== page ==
Genius of Generosity Book: Lessons from a Secret Pact Between Two Friends

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Genius of Generosity Book: Lessons from a Secret Pact Between Two Friends by Chip Ingram,Chris Tiegreen Book Summary:

Download or read Genius of Generosity Book: Lessons from a Secret Pact Between Two Friends book by clicking button below to visit the book download website. There are multiple format available for you to choose (Pdf, ePub, Doc).

The Art of Loving

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The Art of Loving by Erich Fromm Book Summary:

Renowned psychoanalyst Erich Fromm has helped generations of men and women achieve rich and productive lives by developing their capacity to love. This centennial edition of his most enduring work salutes the valuable lessons that are Fromm's legacy.

Lost in Transition

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Lost in Transition by Christian Smith,Kari Christoffersen,Hilary Davidson,Patricia Snell Herzog Book Summary:

In Lost in Transition, Christian Smith and his collaborators draw on 230 in-depth interviews with a broad cross-section of emerging adults (ages 18-23) to investigate the difficulties young people face today, the underlying causes of those difficulties, and the consequences both for individuals and for American society as a whole. --from publisher description.

The Science of Generosity

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The Science of Generosity by Patricia Snell Herzog Book Summary:

This book advances understanding of the manifestations, causes, and consequences of generosity. Synthesizing the findings of the 14 research projects conducted by the Science of Generosity Initiative and offering an appendix of methods for studying generosity, this comprehensive account integrates insights from disparate disciplines to facilitate a broader understanding of giving—ultimately creating a compendium of not only the latest research in the field of altruistic behaviors, but also a research roadmap for the future. As the author sequentially explores the manifestations, causes, and consequences of generosity, Patricia Snell Herzog here also offers analyses ranging from the micro- to macro-level to paint a full picture of the individual, interpersonal and familial, and collective (inter)actions involved in altruism and generosity. The author concludes with a call to stimulate further interdisciplinary generosity studies, describing the implications for emerging scholars and practitioners across sociology, economics, political science, religious studies, and beyond.

The Nicomachean Ethics

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The Nicomachean Ethics by Aristotle Book Summary:

This work contains Artistotle's views on what makes a good human life. It has served as an influence on the history of ideas and offers insights into the human condition.

The Psychology of Experiencing

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The Psychology of Experiencing by Fedor Efimovič Vasil'ûk Book Summary:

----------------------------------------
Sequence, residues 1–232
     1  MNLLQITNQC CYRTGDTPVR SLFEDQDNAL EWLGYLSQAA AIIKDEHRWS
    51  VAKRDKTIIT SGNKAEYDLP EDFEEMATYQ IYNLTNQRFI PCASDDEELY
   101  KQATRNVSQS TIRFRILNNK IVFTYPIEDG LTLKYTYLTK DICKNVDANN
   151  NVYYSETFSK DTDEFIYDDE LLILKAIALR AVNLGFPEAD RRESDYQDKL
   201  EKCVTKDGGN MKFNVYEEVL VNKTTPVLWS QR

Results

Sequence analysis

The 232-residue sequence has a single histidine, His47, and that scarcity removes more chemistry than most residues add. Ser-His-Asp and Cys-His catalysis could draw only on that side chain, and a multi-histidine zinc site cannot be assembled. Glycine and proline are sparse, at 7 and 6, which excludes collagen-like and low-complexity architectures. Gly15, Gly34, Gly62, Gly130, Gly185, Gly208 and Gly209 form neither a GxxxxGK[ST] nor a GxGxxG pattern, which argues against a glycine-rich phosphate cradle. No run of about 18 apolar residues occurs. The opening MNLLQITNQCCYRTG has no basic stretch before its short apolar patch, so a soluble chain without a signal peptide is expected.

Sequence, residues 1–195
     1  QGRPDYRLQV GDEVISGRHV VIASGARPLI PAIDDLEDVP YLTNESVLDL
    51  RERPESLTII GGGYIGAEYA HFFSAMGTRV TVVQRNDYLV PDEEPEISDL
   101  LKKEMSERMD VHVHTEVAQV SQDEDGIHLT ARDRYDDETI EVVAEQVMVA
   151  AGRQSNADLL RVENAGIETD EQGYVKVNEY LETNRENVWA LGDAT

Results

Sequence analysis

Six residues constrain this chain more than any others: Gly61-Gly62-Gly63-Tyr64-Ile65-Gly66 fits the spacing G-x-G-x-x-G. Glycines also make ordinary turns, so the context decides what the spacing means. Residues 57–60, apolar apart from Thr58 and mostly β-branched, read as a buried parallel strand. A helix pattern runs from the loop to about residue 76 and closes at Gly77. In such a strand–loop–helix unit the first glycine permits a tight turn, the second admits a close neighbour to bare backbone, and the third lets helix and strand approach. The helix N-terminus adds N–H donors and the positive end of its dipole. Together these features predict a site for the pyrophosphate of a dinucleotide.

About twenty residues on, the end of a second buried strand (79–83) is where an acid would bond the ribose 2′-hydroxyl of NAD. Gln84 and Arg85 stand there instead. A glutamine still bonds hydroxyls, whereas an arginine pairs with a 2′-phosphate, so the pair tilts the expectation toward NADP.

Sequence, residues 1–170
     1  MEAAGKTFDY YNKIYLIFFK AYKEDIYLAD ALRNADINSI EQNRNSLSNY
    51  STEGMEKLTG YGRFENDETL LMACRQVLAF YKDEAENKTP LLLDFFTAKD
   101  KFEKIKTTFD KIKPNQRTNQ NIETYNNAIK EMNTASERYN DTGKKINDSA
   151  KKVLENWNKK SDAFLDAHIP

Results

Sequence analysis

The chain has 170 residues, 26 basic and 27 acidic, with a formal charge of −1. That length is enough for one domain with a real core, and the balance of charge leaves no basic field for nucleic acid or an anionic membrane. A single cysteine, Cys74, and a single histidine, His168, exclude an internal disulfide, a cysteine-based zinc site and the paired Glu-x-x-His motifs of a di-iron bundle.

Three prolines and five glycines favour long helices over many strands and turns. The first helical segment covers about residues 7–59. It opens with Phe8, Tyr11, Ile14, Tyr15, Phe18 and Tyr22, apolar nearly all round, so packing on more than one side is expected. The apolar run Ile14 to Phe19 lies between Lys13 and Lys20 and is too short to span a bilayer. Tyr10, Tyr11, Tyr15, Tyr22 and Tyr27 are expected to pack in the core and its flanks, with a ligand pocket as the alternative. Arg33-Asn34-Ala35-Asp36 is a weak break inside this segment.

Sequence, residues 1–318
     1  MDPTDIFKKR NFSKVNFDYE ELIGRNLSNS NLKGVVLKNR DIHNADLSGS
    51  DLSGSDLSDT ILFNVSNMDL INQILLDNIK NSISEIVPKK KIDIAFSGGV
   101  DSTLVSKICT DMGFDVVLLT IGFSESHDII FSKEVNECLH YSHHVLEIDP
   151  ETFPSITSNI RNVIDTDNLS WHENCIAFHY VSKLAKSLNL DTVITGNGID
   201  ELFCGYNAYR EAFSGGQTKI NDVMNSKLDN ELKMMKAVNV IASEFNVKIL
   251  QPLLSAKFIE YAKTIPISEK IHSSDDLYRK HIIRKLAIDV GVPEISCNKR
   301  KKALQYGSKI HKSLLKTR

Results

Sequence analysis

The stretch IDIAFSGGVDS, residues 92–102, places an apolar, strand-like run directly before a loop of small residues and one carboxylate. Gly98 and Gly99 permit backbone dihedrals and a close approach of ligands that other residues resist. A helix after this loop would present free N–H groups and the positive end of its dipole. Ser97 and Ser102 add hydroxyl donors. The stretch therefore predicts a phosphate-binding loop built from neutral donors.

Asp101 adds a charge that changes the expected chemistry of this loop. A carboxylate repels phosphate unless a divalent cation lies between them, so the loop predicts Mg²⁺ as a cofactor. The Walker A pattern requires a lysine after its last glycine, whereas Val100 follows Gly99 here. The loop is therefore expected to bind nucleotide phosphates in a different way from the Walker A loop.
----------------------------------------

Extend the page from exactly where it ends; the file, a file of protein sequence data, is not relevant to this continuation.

Download or read The Psychology of Experiencing book by clicking button below to visit the book download website. There are multiple format available for you to choose (Pdf, ePub, Doc).

Philanthropy and American Higher Education

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Philanthropy and American Higher Education by J. Thelin,R. Trollinger Book Summary:

Philanthropy and American Higher Education provides higher education professionals, leaders and scholars with a thoughtful, comprehensive introduction to the scope and development of philanthropy and fund raising as part of the essential life and work of colleges and universities in the United States.

Psychology for Teachers

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Psychology for Teachers by N.A Book Summary:

Download or read Psychology for Teachers book by clicking button below to visit the book download website. There are multiple format available for you to choose (Pdf, ePub, Doc).

What Is a Person?

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What Is a Person? by Christian Smith Book Summary:

What is a person? This fundamental question is a perennial concern of philosophers and theologians. But, Christian Smith here argues, it also lies at the center of the social scientist’s quest to interpret and explain social life. In this ambitious book, Smith presents a new model for social theory that does justice to the best of our humanistic visions of people, life, and society. Finding much current thinking on personhood to be confusing or misleading, Smith finds inspiration in critical realism and personalism. Drawing on these ideas, he constructs a theory of personhood that forges a middle path between the extremes of positivist science and relativism. Smith then builds on the work of Pierre Bourdieu, Anthony Giddens, and William Sewell to demonstrate the importance of personhood to our understanding of social structures. From there he broadens his scope to consider how we can know what is good in personal and social life and what sociology can tell us about human rights and dignity. Innovative, critical, and constructive, What Is a Person? offers an inspiring vision of a social science committed to pursuing causal explanations, interpretive understanding, and general knowledge in the service of truth and the moral good.